In Depth

Six surprising crimes that will get you arrested abroad

Why you can't joke about the king's dog in Thailand – nor own a permanent marker in parts of the US

There are a bewildering number of ways to be arrested worldwide. Here are a few things to avoid while travelling.

Joking about royal pets in Thailand

Thanakorn Siripaiboon, from Thailand, was fined 500,000 baht (£11,000) and sentenced to 86 days in prison earlier this year for writing a sarcastic post on Facebook about the late king Bhumibol Adulyadej's dog, says Forbes magazine. Thailand's "lese-majeste" laws make it illegal to criticise the royal family and are taken very seriously - tour operator Pongsak Sriboonpeng was sentenced to 30 years in prison last year for six critical Facebook posts, although his sentence was later halved.

Cross-dressing in the UAE

Many activities deemed normal in the west are criminal in the United Arab Emirates - and dressing in clothes traditionally associated with the opposite gender is one of them. In 2012, an Indian national was arrested for entering a ladies-only park dressed in an abaya and headscarf, the Daily Mail reported.It is also illegal in the UAE for an unmarried couple to be alone together in public "or in suspicious times or circumstances", says the newspaper.

Earlier this month, a British woman was charged with adultery after she reported an alleged gang rape. The charge was later dropped, but not before she had spent a gruelling five days behind bars.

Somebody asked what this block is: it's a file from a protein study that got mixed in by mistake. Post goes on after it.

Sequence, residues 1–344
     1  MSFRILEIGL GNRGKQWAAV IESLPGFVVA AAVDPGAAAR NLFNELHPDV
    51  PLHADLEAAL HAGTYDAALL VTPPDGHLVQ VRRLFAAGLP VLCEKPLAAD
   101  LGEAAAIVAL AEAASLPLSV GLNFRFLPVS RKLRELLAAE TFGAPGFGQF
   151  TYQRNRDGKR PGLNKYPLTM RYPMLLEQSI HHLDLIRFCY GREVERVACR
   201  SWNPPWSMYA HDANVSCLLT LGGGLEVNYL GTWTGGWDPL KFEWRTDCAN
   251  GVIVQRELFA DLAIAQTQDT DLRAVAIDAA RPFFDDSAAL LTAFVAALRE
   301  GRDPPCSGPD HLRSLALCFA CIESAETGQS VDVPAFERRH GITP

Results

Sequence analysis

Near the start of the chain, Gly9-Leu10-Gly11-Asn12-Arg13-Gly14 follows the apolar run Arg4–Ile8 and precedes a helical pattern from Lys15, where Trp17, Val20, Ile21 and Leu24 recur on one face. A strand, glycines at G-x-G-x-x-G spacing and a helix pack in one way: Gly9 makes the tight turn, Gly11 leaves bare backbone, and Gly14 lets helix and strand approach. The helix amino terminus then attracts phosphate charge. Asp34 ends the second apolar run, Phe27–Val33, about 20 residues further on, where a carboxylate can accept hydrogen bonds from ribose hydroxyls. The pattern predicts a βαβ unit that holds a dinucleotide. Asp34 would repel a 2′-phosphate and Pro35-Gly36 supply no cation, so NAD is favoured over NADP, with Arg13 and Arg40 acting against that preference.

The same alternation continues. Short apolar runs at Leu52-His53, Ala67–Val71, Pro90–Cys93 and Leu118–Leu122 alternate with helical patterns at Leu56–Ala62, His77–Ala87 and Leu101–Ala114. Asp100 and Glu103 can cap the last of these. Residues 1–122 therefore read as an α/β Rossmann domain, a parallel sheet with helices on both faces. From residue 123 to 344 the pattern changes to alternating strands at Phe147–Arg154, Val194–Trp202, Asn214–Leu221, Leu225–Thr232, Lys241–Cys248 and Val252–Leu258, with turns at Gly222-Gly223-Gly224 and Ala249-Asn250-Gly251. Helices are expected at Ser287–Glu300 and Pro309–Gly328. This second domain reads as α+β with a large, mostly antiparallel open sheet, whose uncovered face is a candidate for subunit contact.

Baring your buttocks in Australia

In September, the Australian state of Victoria ruled it illegal to "moon" - bare your buttocks - in public. First-time offenders now face up to two months in jail, the BBC reported.The law was part of an attempt to bolster sexual offence legislation in the state after it was felt necessary to separate out pranks involving nudity from sexual exposure.

Owning a permanent marker in parts of the US

In several US states and cities, carrying or owning the means to make graffiti can be illegal. New York by-laws forbid taking a "broad-tipped indelible marker or etching acid into any public building", although it is illegal only if there is intent to vandalise.

In 2011, celebrated Los Angeles graffiti artist Smear - known to his mother as Cristian Gheorghiu - was arrested after a raid on his home uncovered several "vandalism tools": marker pens; stickers and poster and art prints, the LA Weekly reported. He was sentenced to 13 days in jail and 45 days of community service.

Saying the word 'Allah' if you're not Muslim in Malaysia

Christians cannot say "Allah", the Malay word for God, in Malaysia. Islam is the official religion of the country and all ethnically Malay citizens are considered Muslim, whether they want to be or not. However, the population is only 50.4 per cent Malay, with large ethnically Indian and Chinese minorities.In recent years, the country's rulers have adopted a strident tone of populist Islamism and a series of government orders and fatwas mean Christians now officially have no word for God in Malay, reports the New York Times.

Having the wrong tattoo in Sri Lanka

In 2014, a woman from Coventry was arrested in Sri Lanka because she had a tattoo of Buddha on her arm, reported the BBC.

Naomi Coleman was stopped at the airport when police noticed her body art. She was considered to have insulted the national religion by having its figurehead tattooed on her arm - even though she told police she was a practising Buddhist. Coleman was locked up for three nights and then flown back to London, preventing her from travelling on to the Maldives.

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